3. 3. Senate Environment, Communications, Information Technology and the Arts Legislation Committee ANSWERS TO ESTIMATES QUESTIONS ON NOTICE Communications, Information Technology and the Arts portfolio Department of Communications, Information Technology and the Arts Budget Estimates Hearings 22, 23 and 24 May 2006 Outcome 3, Output 3.2 Question: 129 Topic: Filter Trial - Launceston Broadband Project Hansard Page: ECITA 55 Senator Conroy asked: How many filters were tested? Answer: Six filter products were tested as part of the Launceston Broadband Project filter trial. -3-
  4. 4. Senate Environment, Communications, Information Technology and the Arts Legislation Committee ANSWERS TO ESTIMATES QUESTIONS ON NOTICE Communications, Information Technology and the Arts portfolio Department of Communications, Information Technology and the Arts Budget Estimates Hearings 22, 23 and 24 May 2006 Outcome 3, Output 3.2 Question: 130 Topic: Filter Trial - Launceston Broadband Project Hansard Page: ECITA 55 Senator Conroy asked: Did the trial test the Internet Sheriff product that is going to be used in a three-month trial in Tasmania, starting at the end of July? Answer: The report on the filter trial entitled ‘A Study on Server Based Internet Filters: Accuracy, Broadband Performance Degradation and some Effects on the User Experience’ is available from the NetAlert website. The filter products used in the trial were not identified in the report for commercial-in-confidence reasons. -4-
  5. 5. Senate Environment, Communications, Information Technology and the Arts Legislation Committee ANSWERS TO ESTIMATES QUESTIONS ON NOTICE Communications, Information Technology and the Arts portfolio Department of Communications, Information Technology and the Arts Budget Estimates Hearings 22, 23 and 24 May 2006 Outcome 3, Output 3.2 Question: 131 Topic: National Filter Scheme – Responsibility for Public Libraries Hansard Page: ECITA 59 Senator Conroy asked: i.)The Commonwealth does have the power to require public libraries to filter the material, doesn’t it? Answer: The administration of public libraries is generally a matter for State and Territory Governments. There is no intention to seek to regulate libraries nationally in order to mandate the provision of filters. Rather, the National Filter Scheme will encourage State and Territory Governments to follow the lead of Tasmania and the ACT which have introduced filtered Internet library services. The proposal is that libraries be offered free filters so they can make available a filtered PC for children. ii.) Does the government have a policy to deal with libraries allowing children to access child pornography under section 51(v) of the Constitution? Answer: Refer to answer 131 i.) -5-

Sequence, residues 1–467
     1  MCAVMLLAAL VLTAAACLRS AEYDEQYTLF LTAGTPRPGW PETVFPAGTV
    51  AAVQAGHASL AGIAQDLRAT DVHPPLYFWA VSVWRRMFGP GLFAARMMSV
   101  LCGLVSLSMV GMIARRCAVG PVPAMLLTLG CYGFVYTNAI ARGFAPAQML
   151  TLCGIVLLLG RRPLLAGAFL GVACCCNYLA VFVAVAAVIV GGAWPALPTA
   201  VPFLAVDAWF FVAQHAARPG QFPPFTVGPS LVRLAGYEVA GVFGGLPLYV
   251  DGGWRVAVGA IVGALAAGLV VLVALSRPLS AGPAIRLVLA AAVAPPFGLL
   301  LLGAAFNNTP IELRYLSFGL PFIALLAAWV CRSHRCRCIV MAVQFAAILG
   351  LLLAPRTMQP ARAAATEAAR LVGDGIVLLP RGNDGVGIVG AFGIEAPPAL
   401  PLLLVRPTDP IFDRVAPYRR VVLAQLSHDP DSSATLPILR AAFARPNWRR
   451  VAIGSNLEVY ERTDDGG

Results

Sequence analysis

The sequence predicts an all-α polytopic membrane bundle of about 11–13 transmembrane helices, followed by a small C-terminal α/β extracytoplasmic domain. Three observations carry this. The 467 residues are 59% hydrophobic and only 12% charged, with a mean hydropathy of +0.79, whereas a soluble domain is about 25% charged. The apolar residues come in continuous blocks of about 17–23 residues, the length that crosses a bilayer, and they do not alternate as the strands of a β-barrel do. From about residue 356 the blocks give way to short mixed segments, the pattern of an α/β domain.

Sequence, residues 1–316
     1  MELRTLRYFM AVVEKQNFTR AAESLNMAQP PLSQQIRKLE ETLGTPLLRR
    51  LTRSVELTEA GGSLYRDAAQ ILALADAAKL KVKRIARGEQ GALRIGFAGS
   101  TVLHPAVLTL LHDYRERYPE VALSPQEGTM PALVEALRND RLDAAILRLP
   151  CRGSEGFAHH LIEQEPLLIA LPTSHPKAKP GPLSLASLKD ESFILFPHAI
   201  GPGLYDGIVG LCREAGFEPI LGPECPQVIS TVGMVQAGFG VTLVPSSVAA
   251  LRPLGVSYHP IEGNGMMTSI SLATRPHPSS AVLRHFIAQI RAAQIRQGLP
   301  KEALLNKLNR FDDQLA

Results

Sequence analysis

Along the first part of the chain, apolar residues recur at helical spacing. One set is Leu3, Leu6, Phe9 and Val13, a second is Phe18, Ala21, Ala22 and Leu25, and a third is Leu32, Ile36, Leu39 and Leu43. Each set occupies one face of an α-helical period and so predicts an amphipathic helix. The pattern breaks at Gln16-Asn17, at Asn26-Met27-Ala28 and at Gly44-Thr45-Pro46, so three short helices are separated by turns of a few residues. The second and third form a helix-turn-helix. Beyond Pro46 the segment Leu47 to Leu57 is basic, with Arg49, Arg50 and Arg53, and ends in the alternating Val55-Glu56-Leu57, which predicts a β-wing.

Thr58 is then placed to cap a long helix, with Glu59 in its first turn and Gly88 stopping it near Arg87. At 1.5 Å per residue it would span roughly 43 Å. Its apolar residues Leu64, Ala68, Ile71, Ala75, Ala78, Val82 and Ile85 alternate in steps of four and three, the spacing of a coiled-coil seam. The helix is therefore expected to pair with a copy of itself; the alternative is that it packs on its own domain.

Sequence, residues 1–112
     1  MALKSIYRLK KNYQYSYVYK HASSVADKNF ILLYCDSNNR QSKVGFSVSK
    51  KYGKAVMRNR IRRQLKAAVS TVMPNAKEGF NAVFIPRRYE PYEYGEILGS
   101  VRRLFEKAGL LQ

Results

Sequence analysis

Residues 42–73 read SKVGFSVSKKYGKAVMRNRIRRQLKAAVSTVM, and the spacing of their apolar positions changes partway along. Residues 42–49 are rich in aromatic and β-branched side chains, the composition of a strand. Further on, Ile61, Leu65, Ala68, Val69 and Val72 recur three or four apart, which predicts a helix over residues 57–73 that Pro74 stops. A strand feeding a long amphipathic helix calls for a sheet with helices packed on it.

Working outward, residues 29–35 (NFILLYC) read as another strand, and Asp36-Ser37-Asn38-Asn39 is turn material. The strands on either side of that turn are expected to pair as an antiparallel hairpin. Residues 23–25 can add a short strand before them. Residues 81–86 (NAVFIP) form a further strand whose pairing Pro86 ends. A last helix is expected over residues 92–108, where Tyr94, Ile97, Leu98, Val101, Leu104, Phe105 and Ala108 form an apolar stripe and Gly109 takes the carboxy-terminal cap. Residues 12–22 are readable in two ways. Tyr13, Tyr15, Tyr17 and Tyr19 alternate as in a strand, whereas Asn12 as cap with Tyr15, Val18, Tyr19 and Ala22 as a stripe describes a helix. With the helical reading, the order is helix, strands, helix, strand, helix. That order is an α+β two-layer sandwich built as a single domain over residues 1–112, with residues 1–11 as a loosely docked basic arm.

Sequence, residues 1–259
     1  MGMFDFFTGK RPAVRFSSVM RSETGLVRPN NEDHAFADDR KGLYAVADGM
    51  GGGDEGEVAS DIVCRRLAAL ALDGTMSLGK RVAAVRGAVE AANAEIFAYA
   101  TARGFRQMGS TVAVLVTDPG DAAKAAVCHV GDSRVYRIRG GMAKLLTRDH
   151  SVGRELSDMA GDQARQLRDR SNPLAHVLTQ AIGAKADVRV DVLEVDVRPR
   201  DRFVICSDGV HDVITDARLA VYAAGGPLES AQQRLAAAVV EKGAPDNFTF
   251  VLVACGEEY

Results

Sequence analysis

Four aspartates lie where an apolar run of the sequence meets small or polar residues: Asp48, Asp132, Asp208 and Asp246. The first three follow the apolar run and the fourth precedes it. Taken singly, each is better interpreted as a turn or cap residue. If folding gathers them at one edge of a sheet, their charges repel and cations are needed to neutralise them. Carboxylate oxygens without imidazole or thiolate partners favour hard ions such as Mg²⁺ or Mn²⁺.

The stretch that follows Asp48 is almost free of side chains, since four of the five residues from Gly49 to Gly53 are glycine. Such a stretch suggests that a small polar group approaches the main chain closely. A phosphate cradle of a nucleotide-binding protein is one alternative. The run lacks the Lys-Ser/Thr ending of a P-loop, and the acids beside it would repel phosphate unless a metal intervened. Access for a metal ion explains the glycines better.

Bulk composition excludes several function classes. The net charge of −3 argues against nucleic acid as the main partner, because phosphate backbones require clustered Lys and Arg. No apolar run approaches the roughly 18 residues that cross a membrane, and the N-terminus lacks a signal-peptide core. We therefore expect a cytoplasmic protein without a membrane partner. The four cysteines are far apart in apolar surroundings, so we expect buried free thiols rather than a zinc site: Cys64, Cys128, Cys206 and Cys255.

6. 6. Senate Environment, Communications, Information Technology and the Arts Legislation Committee ANSWERS TO ESTIMATES QUESTIONS ON NOTICE Communications, Information Technology and the Arts portfolio Department of Communications, Information Technology and the Arts Budget Estimates Hearings 22, 23 and 24 May 2006 Outcome 3, Output 2 Question: 132 Topic: Events on the anti-siphoning list Hansard Page: ECITA 64 Senator Conroy asked: That would be each time one horse rides around and jumps over one of the hurdles, that is an event? Answer: See answer to Question 133. -6-
  7. 7. Senate Environment, Communications, Information Technology and the Arts Legislation Committee ANSWERS TO ESTIMATES QUESTIONS ON NOTICE Communications, Information Technology and the Arts portfolio Department of Communications, Information Technology and the Arts Budget Estimates Hearings 22, 23 and 24 May 2006 Outcome 3, Output 2 Question: 133 Topic: Events on the anti-siphoning list Hansard Page: ECITA 66 Senator Conroy asked: I actually wanted to ask you about the rationale behind [the counting of events on the anti- siphoning list]. Answer: On 31 August 2005 the Minister for Communications, Information Technology and the Arts stated that the anti-siphoning list “contains well over 1000 annual individual events”. The breakdown of those events is at Attachment A. There are at least 1334 events annually covered by the anti-siphoning list, and at least a further 168 quadrennial events, not including events of the Olympic Games. Each of the items on the anti-siphoning list, apart from the Olympic and Commonwealth Games are single sports-events, and appropriate terms are used to describe the most sensible breakdown of the item for the purposes of clarity for industry, the broadcasting regulator and audiences. For example, “matches” are used in reference to many of the items, but “round” is used for golf events and “race” for motor sports, as these terms are more appropriate for the sports concerned. The Olympic and Commonwealth Games items differ from the others in relating to events encompassing an extensive range of sports, for which a variety of terms would be required, including “race”, “match” and “round”. Accordingly, the general term “event” has been used. The term does not have a specific definition in relation to individual activities associated with the Olympic or Commonwealth Games, and none is required – it is employed to ensure that the entirety of those events is covered by the anti-siphoning list. As a consequence, the number of specific Olympic rounds, matches or races has not been determined. Event Number When held Annual Quadrennia l Each event held as part of N/A Every four years the Olympic Games Each event held as part of N/A Every four years -7-